In 1860, a boat was wrecked in a storm on Lake Michigan near Evanston, Illinois. Students from Northwestern University formed themselves into rescue teams. One student, Edward Spencer, saved 17 people from the sinking ship. When he was carried exhausted to his room, he was heard asking, “Did I do my best?”
Years later, R.A. Torrey, a well-known pastor, educator, and writer, talked about this rescue at a gathering in Los Angeles. A man in the audience called out that Edward Spencer was present. Upon hearing this, Dr. Torrey invited Spencer to the platform. An older man with white hair slowly climbed the steps as the applause rang out. Dr. Torrey asked him if anything stood out in his memory from that eventful day.
Spencer replied, “Only this, sir: of the 17 people I saved, not one of them thanked me.”
Good things happen to us all through our lives. Blessings may surround you right now, but what is your response? Are you grateful to those who helped you?
The overflow of gratitude
Whenever you receive a kindness or a blessing from another, it’s good to develop a two-fold response in life:
- Gratitude towards God
- Gratitude towards others
Don’t be stingy with gratitude; instead, let your life overflow with it. Learn to live with a thankful heart.
“So then, just as you received Christ Jesus as Lord, continue to live your lives in Him, rooted and built up in Him, strengthened in the faith as you were taught, and overflowing with thankfulness. (Colossians 2:6-7)
Gratitude is thankfulness; it’s the very quality of being grateful. Gratitude is the acknowledgement that you have received something good from someone else. A grateful man constantly recognizes the goodness of God and others in his life. To never acknowledge blessings in your life is the sin of ingratitude.
The Apostle Paul warned of several sinful trends that are a reality in our time. Notice how ingratitude made the list, nestled among a long line of other sins:
“But mark this: There will be terrible times in the last days. People will be lovers of themselves, lovers of money, boastful, proud, abusive, disobedient to their parents, ungrateful, unholy, without love, unforgiving, slanderous, without self-control, brutal, not lovers of the good, treacherous, rash, conceited, lovers of pleasure rather than lovers of God—having a form of godliness but denying its power. Have nothing to do with such people.” (2 Timothy 3:1–5)
Ingratitude keeps bad company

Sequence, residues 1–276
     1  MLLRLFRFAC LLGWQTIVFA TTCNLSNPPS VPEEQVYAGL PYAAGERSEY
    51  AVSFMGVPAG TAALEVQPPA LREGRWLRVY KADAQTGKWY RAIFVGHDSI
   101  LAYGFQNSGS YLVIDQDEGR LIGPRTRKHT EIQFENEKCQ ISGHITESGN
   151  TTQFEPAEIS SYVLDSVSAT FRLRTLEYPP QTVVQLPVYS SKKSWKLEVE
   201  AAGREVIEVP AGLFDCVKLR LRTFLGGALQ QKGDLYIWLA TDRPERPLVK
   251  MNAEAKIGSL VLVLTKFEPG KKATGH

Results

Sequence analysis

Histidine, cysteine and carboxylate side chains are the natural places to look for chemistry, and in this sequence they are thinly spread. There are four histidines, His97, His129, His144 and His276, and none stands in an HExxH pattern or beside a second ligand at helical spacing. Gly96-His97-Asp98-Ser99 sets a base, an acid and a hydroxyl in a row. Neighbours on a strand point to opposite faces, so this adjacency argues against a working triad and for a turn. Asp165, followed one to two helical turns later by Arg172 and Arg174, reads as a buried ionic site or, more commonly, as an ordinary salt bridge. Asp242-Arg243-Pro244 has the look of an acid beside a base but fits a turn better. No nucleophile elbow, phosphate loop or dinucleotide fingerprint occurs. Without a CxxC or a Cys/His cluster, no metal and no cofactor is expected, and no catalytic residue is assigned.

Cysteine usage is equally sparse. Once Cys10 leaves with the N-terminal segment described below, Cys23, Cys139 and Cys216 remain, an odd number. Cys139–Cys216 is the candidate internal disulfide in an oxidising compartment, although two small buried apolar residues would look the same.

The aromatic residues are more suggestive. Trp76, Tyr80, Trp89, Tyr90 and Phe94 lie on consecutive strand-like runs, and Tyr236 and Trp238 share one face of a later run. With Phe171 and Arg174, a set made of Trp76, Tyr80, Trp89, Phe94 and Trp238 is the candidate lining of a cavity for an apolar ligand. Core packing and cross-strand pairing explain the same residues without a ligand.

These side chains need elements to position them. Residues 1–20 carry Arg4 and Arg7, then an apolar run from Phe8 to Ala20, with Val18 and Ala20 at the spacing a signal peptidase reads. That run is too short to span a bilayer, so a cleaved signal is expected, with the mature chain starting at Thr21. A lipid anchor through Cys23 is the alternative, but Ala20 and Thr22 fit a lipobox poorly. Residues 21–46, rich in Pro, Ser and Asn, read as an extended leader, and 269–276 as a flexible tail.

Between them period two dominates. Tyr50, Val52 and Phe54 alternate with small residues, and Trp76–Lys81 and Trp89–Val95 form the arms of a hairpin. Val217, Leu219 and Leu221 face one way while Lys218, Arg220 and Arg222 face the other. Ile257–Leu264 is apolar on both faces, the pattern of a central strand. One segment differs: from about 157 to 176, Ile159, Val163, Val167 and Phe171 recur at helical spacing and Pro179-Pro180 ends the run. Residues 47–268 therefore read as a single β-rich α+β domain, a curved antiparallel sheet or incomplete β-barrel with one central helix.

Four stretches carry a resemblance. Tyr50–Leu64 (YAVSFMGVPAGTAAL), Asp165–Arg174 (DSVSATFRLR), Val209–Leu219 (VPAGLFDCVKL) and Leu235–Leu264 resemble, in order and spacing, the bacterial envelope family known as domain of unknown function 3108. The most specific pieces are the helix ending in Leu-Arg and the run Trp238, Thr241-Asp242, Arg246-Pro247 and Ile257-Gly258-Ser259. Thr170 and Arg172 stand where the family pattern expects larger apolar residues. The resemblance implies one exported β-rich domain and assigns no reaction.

According to that passage, it seems the starting point of these “terrible times” will be selfishness, as people become “lovers of themselves.” Selfishness leads to ingratitude— thanklessness. Gratitude is like a gauge on life’s dashboard that you must keep an eye on. If you become less grateful, other parts of your life will eventually break down. Learning to be a grateful man of God improves everything else.
For instance, we know marriages can break down under the weight of ingratitude between spouses. No one wants to be taken for granted, but if you stop seeing the good and positive things in your spouse, it won’t be long until you see only the negative things. Gratitude can stop that terrible detour.
Here are 3 ways to develop a life of gratitude:
1. Notice God at work.
“News of this reached the church in Jerusalem, and they sent Barnabas to Antioch. When he arrived and saw what the grace of God had done, he was glad and encouraged them all to remain true to the Lord with all their hearts.” Acts 11:22–23
Barnabas was known as an encourager in the early Church. When he came to the young church at Antioch, he “saw what the grace of God had done.” Then, “he was glad and encouraged them all.” He saw God’s handiwork; he saw the people God was using. He noticed God at work.
You will never praise God for the work you never notice. Don’t be oblivious to what God is doing around you, and don’t ignore the people He is using to bless your life. Pay attention to His blessings – look for them. His fingerprints are everywhere. When you see Him at work, call attention to it. It will encourage everyone else in the room.
2. Express your gratitude with words.
The Bible admonishes us to praise and thank God with our voice, sometimes even with a loud voice and instruments (Psalm 30; Psalm 95; Psalm 150, etc.). The point is that we shouldn’t be shy with our gratitude. Gratitude will start in your heart and mind, but it must not stay there. Your words of thanks will do no one any good if you let them remain mere thoughts. Say something.
If God has blessed you, use your words to respond in thanksgiving. In Luke 17:11-19, after Jesus healed ten lepers, only one of them came back to thank Jesus personally—but that one thankful, healed leper was vocal and unashamed. Acknowledge God’s hand of blessing every time you see it with words from your own mouth.
3. Add thanksgiving to your prayers.
“Do not be anxious about anything, but in every situation, by prayer and petition, with thanksgiving, present your requests to God. And the peace of God, which transcends all understanding, will guard your hearts and your minds in Christ Jesus.” Philippians 4:6–7
God invites each of us to exchange our worries and cares for His peace. We do this through prayer and thanksgiving, but we must remember to balance our prayers with thanksgiving. Typically, we offer God many words in our prayers but offer little or no words of thanks. We need to balance that out. Spend some time thanking God for what you just asked for. Show gratitude that the anxiety that laid heavy on your shoulders is now in His capable hands.
When you develop gratitude and become a thankful man, it affects your response to life in general. Let gratitude become your attitude today.